MD: Maybe we can distinguish two dimensions. First, the broader question: what does parity or diversity bring to decision-making? From the more organisational point of view I think more diversity in central banks is key for the success of its mission. I think this is also key for a better communication with the financial system and the financial industry by making sure policy-makers reflect the diversity of the population we serve, But it’s also important for our role of regulation and supervision of the financial sector. This gives us more credibility, more trust. We must reflect what we expect for the society and the financial sector. It is important that not only public institutions but also the main financial institutions serve as leaders of this change in society.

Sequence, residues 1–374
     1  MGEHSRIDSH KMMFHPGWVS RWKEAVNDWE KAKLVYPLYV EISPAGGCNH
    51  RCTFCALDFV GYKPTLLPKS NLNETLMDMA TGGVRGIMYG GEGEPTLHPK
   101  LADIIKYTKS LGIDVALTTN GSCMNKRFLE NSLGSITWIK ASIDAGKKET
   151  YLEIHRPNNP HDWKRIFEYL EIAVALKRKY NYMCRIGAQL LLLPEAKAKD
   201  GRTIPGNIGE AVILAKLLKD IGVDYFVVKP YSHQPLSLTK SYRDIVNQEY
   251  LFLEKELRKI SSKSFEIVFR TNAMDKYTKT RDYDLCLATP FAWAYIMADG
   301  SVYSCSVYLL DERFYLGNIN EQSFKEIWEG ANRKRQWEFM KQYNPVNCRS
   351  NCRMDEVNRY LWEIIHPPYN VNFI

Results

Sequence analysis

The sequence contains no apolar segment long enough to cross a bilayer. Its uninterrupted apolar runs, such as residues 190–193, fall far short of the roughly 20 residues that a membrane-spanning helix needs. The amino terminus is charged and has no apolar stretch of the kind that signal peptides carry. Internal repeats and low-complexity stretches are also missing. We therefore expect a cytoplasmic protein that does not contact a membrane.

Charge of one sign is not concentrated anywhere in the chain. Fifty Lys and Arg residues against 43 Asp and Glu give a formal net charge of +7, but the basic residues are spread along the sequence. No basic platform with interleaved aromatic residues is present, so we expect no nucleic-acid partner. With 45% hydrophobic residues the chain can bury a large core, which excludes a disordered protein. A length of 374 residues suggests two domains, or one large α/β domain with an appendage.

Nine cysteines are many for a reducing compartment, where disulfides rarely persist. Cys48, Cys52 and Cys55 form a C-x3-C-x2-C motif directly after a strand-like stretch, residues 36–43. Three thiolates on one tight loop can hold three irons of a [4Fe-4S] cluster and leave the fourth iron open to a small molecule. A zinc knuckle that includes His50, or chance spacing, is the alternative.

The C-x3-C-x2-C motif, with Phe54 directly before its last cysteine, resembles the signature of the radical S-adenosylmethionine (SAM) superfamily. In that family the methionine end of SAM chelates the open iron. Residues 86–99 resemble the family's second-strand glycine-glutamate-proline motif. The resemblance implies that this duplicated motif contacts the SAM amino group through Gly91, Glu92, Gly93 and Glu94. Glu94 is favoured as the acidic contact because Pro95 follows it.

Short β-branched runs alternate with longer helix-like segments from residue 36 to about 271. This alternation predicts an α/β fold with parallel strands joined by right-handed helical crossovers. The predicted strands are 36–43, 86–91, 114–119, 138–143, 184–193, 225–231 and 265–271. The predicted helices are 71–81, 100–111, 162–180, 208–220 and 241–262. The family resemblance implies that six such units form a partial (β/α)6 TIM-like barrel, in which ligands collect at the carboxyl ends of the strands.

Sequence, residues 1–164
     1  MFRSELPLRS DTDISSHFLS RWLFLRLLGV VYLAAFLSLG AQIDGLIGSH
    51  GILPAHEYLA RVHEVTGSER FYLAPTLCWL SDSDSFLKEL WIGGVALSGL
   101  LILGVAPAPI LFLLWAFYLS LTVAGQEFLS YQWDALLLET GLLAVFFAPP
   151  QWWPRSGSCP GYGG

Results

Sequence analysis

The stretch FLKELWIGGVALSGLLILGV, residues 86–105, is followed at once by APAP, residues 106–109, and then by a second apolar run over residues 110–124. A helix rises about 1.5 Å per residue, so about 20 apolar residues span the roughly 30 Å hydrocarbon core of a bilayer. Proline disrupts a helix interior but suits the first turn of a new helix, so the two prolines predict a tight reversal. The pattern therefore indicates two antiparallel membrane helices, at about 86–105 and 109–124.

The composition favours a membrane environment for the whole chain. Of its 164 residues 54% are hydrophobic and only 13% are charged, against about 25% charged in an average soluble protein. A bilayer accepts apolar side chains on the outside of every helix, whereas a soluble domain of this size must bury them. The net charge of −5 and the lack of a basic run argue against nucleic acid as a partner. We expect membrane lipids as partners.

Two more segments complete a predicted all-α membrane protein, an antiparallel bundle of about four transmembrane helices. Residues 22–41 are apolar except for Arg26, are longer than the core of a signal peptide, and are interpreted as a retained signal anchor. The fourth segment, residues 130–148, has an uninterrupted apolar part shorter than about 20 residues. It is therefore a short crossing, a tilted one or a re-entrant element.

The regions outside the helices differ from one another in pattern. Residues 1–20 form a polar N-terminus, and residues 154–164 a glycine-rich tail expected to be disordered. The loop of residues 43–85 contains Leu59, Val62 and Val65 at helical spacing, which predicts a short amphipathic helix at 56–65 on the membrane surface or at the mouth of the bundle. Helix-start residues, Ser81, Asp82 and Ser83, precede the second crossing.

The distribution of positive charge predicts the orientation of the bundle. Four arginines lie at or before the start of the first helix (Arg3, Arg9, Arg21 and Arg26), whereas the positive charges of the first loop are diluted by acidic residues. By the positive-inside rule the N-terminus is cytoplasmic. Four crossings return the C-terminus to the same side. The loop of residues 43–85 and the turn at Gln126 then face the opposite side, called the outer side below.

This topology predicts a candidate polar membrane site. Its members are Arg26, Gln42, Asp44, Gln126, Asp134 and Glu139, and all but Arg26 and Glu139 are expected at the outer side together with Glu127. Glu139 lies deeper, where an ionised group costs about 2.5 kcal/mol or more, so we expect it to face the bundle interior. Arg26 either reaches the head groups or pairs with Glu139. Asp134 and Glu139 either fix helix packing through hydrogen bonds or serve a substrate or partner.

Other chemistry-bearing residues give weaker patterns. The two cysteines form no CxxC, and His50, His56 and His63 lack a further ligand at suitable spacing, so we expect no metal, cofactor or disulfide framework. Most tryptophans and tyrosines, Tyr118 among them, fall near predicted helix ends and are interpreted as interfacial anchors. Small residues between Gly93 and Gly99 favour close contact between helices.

From a more global and more general point of view, having different views, different perspectives, a diverse framework provides us with more tools to be successful. There is research that proves teams and companies that are more diverse in terms of composition are 70% more likely to capture a new market than firms that are not diverse. So clearly, it fosters creativity, innovation. And I think both are key elements in this complex environment.
EM: How will bringing in stronger gender diversity drive better returns for investors?